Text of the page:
Fast growing. Tree options
Looking for trees to plant to act as a barrier to cars coming past our property on sulphur springs. a south facing space that is wet in the winter from runoff. Any suggestions? Heights isn't a concern as there's space to plant away from power lines. Just want a visual block to the road, maybe a little helpful with sound too Thanks!
Benton County Oregon
Hedgerows have been used for centuries in English and American landscapes to primarily divide agricultural fields or residential properties. In addition to marking property lines, incorporating or maintaining hedgerows offer the some important benefits. Hedgerows are attractive borders. They can serve as privacy screens along roadsides and between properties. As they mature and become dense, they can reduce wind, noise and dust and can function as barriers. Establishing a hedge is a long term commitment. With proper planning and care, it takes approximately 4 to 8 years to establish an effective hedge. In recent years, scientists have come to realize that diversely specied hedgerows may play an important role in fostering wildlife and plant and insect diversity. For example, monarch and swallowtail butterflies are attracted to hedges.
It is important not to search for only one plant species such as the popular arborvitae or photinia. The widespread planting of a single plant species could possibly lead to a repeat of the problems that have affected red tips, American elm, and other plants.
Planting a mixed screen, where multiple species of plants are grouped together in small clusters is the best solution. Groups of three or five plants of a single species can be planted in a single row where space is limited or in an alternate layered (staggered, two-row) planting where more space is available.
Mixed species screens help to prevent the spread of pest problems from one plant to the next. The advantage to planting several rows of staggered plants is better air circulation around the plants. This reduces the humidity level around plants thereby reducing the incidence of disease problems while still achieving a full screen.
In a mixed screen, even if one species develops problems that are so severe it has to be removed and replaced, the entire planting does not have to be sacrificed. Mixed screens can also be far more interesting and rewarding throughout the seasons, offering the chance to turn a basic screen planting into a beautiful part of the landscape.
Hollies are my personal favorite for a long lived, attractive, low maintenance living fence. Several varieties are available that work well for hedges and screening because of their upright growth habit. They produce dense, dark green foliage year around and red berries in the fall that persist through the winter. Hollies grow best in sun to part shade with well-drained soil, are drought tolerant once established, are not often damaged by deer.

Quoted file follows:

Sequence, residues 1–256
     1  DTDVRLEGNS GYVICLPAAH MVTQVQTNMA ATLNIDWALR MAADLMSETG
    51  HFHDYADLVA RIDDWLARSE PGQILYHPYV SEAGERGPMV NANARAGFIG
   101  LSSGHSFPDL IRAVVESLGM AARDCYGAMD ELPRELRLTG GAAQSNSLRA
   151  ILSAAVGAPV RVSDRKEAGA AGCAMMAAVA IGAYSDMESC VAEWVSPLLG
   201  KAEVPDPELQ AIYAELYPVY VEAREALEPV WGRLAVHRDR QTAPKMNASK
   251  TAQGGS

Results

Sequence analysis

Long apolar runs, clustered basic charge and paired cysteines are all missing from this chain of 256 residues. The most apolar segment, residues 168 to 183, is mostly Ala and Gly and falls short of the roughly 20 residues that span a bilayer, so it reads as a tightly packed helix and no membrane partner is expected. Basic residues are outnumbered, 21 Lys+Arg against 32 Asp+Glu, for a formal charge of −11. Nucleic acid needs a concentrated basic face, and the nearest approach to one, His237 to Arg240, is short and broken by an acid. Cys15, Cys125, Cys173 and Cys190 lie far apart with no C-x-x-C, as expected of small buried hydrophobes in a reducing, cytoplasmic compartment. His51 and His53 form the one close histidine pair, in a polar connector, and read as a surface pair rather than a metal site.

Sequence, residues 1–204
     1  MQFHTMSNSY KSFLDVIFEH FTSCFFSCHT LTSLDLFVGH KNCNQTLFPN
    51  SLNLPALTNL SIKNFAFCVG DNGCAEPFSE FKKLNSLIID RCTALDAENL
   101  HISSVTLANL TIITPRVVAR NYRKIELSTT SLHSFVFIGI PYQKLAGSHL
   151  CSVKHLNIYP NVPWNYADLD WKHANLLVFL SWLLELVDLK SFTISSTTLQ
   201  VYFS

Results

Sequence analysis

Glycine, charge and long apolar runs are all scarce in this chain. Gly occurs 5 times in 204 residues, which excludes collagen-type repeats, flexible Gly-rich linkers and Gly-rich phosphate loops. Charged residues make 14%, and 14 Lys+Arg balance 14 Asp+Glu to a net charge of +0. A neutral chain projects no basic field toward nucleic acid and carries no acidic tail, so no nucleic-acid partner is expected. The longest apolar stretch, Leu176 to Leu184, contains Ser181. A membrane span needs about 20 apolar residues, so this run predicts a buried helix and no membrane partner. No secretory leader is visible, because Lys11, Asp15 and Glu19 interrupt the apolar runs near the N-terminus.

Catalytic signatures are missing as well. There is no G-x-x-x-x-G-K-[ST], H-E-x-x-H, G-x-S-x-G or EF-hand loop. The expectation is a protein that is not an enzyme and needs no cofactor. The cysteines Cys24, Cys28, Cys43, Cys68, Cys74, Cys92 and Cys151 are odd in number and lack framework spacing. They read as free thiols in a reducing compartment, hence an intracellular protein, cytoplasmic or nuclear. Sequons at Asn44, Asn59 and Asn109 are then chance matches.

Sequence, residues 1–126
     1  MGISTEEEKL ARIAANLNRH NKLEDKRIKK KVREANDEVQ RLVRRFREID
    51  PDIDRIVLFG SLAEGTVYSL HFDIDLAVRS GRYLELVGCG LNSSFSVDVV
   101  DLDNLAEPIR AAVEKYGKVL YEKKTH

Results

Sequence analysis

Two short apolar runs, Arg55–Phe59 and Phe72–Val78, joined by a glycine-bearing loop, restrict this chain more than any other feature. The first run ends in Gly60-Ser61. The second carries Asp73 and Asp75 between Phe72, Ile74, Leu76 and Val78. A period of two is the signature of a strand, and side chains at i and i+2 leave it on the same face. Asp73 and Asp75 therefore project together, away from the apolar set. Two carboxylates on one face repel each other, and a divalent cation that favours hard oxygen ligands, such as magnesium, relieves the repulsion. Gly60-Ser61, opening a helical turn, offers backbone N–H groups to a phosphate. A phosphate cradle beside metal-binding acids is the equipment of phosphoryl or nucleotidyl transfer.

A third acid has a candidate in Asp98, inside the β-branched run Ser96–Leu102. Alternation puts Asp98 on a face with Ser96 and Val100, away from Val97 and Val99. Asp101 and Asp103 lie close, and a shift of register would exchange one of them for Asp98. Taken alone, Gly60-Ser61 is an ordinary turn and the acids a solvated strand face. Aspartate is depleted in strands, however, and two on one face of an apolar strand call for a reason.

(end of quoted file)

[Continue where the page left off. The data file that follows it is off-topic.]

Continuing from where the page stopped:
Douglas fir, Pseudotsuga menziesii has the noble, spire like shape that evergreen lovers admire so much. While often used as a featured specimen, it also looks great massed as a screen in evergreen landscaping. Douglas-fir does not like hot, dry winds but will do excellent where there is moisture—in the soil and in the atmosphere.
Juniperus virginiana is so adaptable you'll find it growing on dry, rocky slopes and at the edges of swamps. This densely branched juniper is great for urban screens and rural windbreaks, with rich green summer foliage turning ruddy brown-green in winter.
Native pines, Pinus ponderosa, lambertiana, contorta, or monticola can grow 50 to 80 feet tall and 20 to 40 feet wide, so they need plenty of room. There are columnar varieties that max out at 20 feet in height and 14 feet in width, making them suitable as screens.
Abies concolor is quite adaptable. Also known as white fir, it's a great choice for hot, dry conditions and winter cold. However, it grows best with an evenly moist soil that has good drainage.
Deodar cedar Cedrus deodara is very adaptable, grows fast, and has dense branching in youth. In short, it's perfect for a screen or as part of evergreen landscaping.
Leyland cypress Cupressocyparis leylandii is a popular evergreen tree for privacy screens with its columnar shape and year-round color. If the feathery, blue-green foliage doesn't grab you, there are cultivars with yellow, gray, or bright green foliage. Leyland cypress grows very fast and matures at 60 to 70 feet if not topped at an early age. It likes moist, well-drained soil but takes full sun or part shade.
Taxus is the tree of immortality, with ancient specimens living thousands of years. In evergreen landscaping, yews are often used as hedges and foundation plantings. The dark green foliage and colorful red berries are a welcome sight in winter, and birds love the shelter of yews, too. Yews are tolerant of sun or shade as well as poor, dry soils, but they won't take soggy soil. Heights vary according to species and cultivar, with yews growing anywhere from 2 to 60 feet tall.
Many viburnums (Viburnum spp.) make excellent evergreen screens. There are numerous species and varieties with a wide range of sizes. They are shade tolerant. Viburnums are available for virtually any situation, and they will add to the landscape with flowers and berries.
Wax myrtle (Myrica cerifera) is excellent for difficult sites with its tolerance of poor soil. This broadleaf evergreen shrub or tree grows quickly to 15 to 20 feet high and wide, and is tolerant of pruning. It requires full sun.
Hope this helps!